In strict geographical terms, Scotland is about the size of South Carolina, but that comparison is deceptive. This country—the northernmost in the United Kingdom—is crisscrossed by impassable mountains, deep valleys, large lochs, and wide rivers, with very few roads actually running in a straight line. As such, distances are often misleading, and journey times need to be adjusted accordingly. Highlights of any visit include the two major cities, Glasgow and Edinburgh (lively places with lots going on), plus the scenery and long history of rural Scotland (whether in the Highlands, the islands, or regions like the Borders).
When’s the best time to go to Scotland?
Scotland is ideal for travel almost three-quarters of the year. The only time to avoid is the depth of winter—unless you enjoy dark nights, short days, and the occasional gale force wind. The best seasons are arguably spring and autumn, when crowds thin and you’ll get more of the country’s attractions to yourself. However, summer is also nice, with several festivals, moderate temperatures, and days that don’t end until well after 10 p.m., especially in the north. Regardless of when you visit, be sure to bring a waterproof jacket.
How to get around Scotland
Most people arrive in Scotland by air, landing at one of two major international airports on the outskirts of Glasgow and Edinburgh. The two cities are only about 50 miles apart and well connected by frequent express trains. Alternatively, visitors can take a train from London or a ferry from Ireland.
If you’re planning on spending time in the cities, you can rely on public transportation—Glasgow has an underground train, while Edinburgh has buses and a newish tram. If you’re heading to the countryside, however, you’ll want to rent a car for the most freedom. Trains and buses across Scotland don’t really compare with those in Europe; the nation’s public transportation system is generally extensive but is slower, costs more, and is less frequent than in, say, Germany.
Food and drink to try in Scotland
Cuisine in Scotland is no longer an afterthought or risky proposition. Sure, you can still find stodgy food and oddities like the deep-fried Mars bar, but the country’s natural resources are superb. Whether it’s heather-fed lamb or Galloway beef, smoked salmon or creel-caught lobster, craft beer or single-malt whisky, it’s all among the best in the world. Local dishes to try include the smoked haddock chowder known as Cullen skink, grilled langoustines, and pan-seared scallops served with Stornoway black pudding.
Culture in Scotland
Scotland has a long intellectual and literary history. Some of the most influential English-speaking leaders of the Enlightenment were Scots (David Hume, Adam Smith), as were famous writers like Sir Walter Scott and Robert Louis Stevenson (plus Alasdair Grey and Ian Rankin, both still working today). Equally alive is the music scene—contemporary acts like Belle and Sebastian, Idlewild, and Withered Hand attract international attention, and there’s a prominent folk music scene with standouts like singer Karine Polwart and fiddle player Aly Bain. Scotland also has its own national art collection, jazz orchestra, and theater, ballet, and opera companies.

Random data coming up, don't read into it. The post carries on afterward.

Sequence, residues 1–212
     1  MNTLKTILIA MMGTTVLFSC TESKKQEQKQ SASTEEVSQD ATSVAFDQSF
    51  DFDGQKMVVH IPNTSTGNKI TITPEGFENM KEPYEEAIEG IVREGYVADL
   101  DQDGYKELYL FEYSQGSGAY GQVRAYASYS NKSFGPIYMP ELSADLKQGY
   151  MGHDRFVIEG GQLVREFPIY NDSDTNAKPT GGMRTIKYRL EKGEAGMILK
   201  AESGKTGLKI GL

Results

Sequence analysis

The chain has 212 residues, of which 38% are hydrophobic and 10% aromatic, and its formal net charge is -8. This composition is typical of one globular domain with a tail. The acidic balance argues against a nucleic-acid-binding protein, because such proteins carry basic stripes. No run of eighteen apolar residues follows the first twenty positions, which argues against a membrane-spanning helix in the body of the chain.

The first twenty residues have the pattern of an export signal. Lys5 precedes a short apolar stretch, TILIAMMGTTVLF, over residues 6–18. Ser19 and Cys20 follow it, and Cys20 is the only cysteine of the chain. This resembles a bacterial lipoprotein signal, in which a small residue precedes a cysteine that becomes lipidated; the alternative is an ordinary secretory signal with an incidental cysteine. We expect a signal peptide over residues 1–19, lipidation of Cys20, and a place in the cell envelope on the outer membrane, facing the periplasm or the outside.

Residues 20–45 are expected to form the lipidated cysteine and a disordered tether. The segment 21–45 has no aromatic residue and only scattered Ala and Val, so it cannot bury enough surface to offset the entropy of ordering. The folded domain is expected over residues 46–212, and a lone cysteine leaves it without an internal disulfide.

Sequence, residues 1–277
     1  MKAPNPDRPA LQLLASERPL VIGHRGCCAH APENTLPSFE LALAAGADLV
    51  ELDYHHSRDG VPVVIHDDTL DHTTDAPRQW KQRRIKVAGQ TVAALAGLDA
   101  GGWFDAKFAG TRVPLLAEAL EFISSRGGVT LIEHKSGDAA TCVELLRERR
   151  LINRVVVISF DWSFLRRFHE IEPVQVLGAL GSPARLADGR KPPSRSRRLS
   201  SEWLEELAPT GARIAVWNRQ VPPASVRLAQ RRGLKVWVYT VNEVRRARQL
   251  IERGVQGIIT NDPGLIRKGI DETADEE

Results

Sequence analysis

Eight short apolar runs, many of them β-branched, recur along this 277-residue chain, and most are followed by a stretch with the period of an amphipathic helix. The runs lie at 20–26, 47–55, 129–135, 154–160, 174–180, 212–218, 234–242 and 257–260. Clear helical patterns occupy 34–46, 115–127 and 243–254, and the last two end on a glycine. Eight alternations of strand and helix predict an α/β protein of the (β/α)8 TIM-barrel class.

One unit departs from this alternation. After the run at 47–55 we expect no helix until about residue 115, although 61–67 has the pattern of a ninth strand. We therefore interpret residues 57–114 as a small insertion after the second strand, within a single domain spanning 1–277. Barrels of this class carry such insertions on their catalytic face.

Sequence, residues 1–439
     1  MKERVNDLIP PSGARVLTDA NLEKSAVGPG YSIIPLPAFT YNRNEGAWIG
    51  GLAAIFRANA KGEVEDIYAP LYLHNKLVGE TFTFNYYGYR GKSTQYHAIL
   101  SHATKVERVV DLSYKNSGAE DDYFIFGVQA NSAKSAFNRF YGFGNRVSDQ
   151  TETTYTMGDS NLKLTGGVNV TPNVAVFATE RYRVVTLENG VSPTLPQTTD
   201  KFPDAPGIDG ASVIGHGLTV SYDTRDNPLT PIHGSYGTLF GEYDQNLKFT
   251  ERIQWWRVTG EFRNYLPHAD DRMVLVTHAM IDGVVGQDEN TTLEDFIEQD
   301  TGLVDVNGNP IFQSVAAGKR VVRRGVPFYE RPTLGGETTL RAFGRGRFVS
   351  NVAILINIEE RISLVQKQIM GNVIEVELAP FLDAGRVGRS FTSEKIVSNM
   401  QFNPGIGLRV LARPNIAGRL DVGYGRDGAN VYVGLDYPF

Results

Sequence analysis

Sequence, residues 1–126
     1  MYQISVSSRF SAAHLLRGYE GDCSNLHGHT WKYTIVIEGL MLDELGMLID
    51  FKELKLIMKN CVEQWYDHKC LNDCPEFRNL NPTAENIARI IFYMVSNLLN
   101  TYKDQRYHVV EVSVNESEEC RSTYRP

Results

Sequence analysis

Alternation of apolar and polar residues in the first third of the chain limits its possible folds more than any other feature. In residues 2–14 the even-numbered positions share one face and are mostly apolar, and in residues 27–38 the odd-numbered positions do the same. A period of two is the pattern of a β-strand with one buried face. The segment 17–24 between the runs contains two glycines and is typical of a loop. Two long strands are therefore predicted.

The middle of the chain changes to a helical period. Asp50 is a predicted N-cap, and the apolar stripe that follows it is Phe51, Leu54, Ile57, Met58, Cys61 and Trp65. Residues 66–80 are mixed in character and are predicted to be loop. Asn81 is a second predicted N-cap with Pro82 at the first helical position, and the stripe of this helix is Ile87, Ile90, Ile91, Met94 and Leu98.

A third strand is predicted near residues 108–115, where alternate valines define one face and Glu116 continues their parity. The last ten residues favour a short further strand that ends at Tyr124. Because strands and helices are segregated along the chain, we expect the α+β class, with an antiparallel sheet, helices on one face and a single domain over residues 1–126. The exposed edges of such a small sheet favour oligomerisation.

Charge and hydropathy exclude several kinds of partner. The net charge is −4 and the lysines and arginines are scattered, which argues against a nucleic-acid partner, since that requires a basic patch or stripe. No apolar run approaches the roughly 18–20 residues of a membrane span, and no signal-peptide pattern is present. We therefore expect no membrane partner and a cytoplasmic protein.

Can’t miss things to do in Scotland
Scotland’s two major cities are less than an hour’s train ride apart, but each has its own character and vibe. Edinburgh is the gem, with its royal palace and hilltop castle, though it can be gritty along the fringes. Glasgow, on the other hand, is contemporary in feel, with a gregarious nature—especially among its natives. Once you’ve done your urban duty, seek out the countryside, whether the rolling hillsides of the Lowlands or the majestic crags of the Highlands. In rural Scotland, you’ll find more evidence of the country’s long and sometimes violent history, with castle ruins that vividly evoke the past.
American travelers only need a valid passport to visit Scotland, but with the U.K. on the verge of exiting the European Union, more documentation may be required in the future. The main language is English, the currency is the British pound, the voltage is 240 volts, and the socket type is G.
Barry Steven Shelby is a Berkeley, California–born journalist, author, broadcaster, crofter, environmentalist, and quite a bit else, who has lived in Scotland since 1997. After a decade in Glasgow, he moved to the Western Isles, where, in addition to writing and broadcasting, he weaves on a handloom, sketches, and regularly takes long walks across the hills and along the sea.